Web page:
Mickey Rooney dead: Legendary Hollywood star dies aged 93
Rooney started his career in his parents' vaudeville act while still a toddler
The Hollywood legend Mickey Rooney, who started out as a child actor and became the biggest box-office star in the world, has died at home aged 93.
Despite his diminutive size, the actor was known for being one of the original larger-than-life personalities of the silver screen, married eight times, and never really retired from the public eye.
Los Angeles Police confirmed that Rooney was with his family when he died, of natural causes in his home in Studio City, North Hollywood on Sunday.
Born in Brooklyn named Joe Yule Junior, his career in showbusiness began as a toddler in his parents' vaudeville act. He was six when he secured his first movie role, and went on to receive hundreds of TV and film credits.
Rooney received four Academy Award nominations and two special Academy Awards over his lifetime, and said in 2008: "I always say, 'Don't retire - inspire'. There's a lot to be done."
Sir Lawrence Olivier reportedly described him as the greatest film actor the US ever produced, and in a statement last night the actress Margaret O'Brien said: "He was undoubtedly the most talented actor that ever lived. There was nothing he couldn't do."
Among his recent roles was a part as a security guard in the 2006 comedy "Night at the Museum", and in 2011 he testified publicly before a Congress committee about the abuse of the elderly.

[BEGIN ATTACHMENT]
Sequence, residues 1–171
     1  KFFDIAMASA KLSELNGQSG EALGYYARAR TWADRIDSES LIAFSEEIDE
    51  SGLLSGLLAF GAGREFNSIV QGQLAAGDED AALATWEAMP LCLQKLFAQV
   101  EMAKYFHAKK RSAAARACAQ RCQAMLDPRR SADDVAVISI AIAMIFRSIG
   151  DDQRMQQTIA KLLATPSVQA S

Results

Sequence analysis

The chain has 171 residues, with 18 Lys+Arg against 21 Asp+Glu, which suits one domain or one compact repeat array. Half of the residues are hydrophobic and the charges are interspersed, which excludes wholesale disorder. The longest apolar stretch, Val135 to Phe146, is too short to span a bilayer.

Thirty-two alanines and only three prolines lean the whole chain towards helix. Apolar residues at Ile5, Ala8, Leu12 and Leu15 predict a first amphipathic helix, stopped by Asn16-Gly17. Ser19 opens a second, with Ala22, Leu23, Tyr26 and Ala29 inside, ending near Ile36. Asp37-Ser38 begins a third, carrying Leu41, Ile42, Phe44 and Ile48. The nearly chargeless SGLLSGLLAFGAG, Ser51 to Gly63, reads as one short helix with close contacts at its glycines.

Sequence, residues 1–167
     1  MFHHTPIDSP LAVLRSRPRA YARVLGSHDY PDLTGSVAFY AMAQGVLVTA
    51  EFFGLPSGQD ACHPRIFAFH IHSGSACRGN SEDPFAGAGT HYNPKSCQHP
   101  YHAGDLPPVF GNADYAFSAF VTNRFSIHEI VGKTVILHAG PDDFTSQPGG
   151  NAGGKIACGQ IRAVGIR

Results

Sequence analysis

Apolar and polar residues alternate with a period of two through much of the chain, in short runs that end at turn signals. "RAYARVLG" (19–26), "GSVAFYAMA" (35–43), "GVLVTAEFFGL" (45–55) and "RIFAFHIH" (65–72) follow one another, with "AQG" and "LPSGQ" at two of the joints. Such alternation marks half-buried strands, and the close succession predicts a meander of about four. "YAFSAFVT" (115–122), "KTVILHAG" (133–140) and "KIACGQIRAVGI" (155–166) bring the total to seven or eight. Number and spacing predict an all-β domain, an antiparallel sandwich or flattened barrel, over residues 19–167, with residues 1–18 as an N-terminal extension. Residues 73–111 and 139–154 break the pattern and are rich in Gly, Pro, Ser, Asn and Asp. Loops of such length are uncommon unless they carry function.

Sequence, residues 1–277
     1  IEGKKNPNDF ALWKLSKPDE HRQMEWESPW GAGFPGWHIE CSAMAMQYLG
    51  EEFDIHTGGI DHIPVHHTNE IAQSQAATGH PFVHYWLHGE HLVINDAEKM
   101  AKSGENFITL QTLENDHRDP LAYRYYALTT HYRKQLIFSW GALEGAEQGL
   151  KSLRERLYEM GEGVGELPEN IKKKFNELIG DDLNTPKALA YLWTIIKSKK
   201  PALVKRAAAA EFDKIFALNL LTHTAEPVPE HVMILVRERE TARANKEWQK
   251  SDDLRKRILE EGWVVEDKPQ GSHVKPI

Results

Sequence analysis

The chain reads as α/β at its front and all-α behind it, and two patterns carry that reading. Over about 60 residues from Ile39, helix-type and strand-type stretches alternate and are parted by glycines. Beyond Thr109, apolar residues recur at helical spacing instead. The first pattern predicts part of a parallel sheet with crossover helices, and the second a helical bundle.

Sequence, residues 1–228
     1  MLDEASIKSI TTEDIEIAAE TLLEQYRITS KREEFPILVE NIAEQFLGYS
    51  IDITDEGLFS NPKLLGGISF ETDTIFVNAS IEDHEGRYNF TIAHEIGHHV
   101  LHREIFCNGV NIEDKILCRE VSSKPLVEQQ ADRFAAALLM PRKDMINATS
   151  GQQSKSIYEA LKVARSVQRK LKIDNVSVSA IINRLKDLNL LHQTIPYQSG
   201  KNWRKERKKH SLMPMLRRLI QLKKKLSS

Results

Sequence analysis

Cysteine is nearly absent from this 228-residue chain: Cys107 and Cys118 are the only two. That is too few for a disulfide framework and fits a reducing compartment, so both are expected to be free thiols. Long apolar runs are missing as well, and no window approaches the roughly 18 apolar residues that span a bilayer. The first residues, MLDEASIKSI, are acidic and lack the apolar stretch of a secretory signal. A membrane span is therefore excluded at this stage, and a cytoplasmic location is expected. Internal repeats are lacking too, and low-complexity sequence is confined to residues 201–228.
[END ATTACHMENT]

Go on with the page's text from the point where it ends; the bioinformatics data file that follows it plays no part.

After his first film role as a cigar-smoking midget in the 1927 silent movie Orchids and Ermine, Rooney's breakthrough part came when he was cast as the title character Mickey McGuire for a series of film shorts that ran from 1927 to 1934. He was just seven, and adopted the name and lifestyle as his own.
After changing his name, at his mother's suggestion, to "Rooney", he was cast as the wise-cracking Andy Hardy in a recurring role that saw him dominate Hollywood in the late 1930s and early 40s.
Rooney went to war in 1942, mainly serving to entertain the troops, and never fully recovered his spectacular pre-war eminence.
"The Bold and the Brave," 1956 World War II drama, brought him an Oscar nomination as best supporting actor. But mostly, he played second leads in such films as "Off Limits" with Bob Hope, "The Bridges at Toko-Ri" with William Holden, and "Requiem for a Heavyweight" with Anthony Quinn. In the early 1960s, he had a wild turn in "Breakfast at Tiffany's" as Audrey Hepburn's bucktoothed Japanese neighbor.
Rooney's career refused to fade, and when in 1979 he received another Oscar nomination for a supporting role in "The Black Stallion", he commented: "I've been coming back like a rubber ball for years."
In his personal life, Rooney earned a reputation for drunken escapades, explosive short-lived romances and serial misfortune in both money and love.
The first of his eight marriages came when he was 21, to his glamorous fellow MGM star Ava Gardner, 19.
In 1978 he found his final - and most lasting - marriage with the then-39-year-old country singer Jan Chamberlin. In his late 80s they toured the country with a song-and-dance act.
In his later years Rooney became a devoted Christian and member of the Church of Religious Science. He fathered five sons and five daughters.
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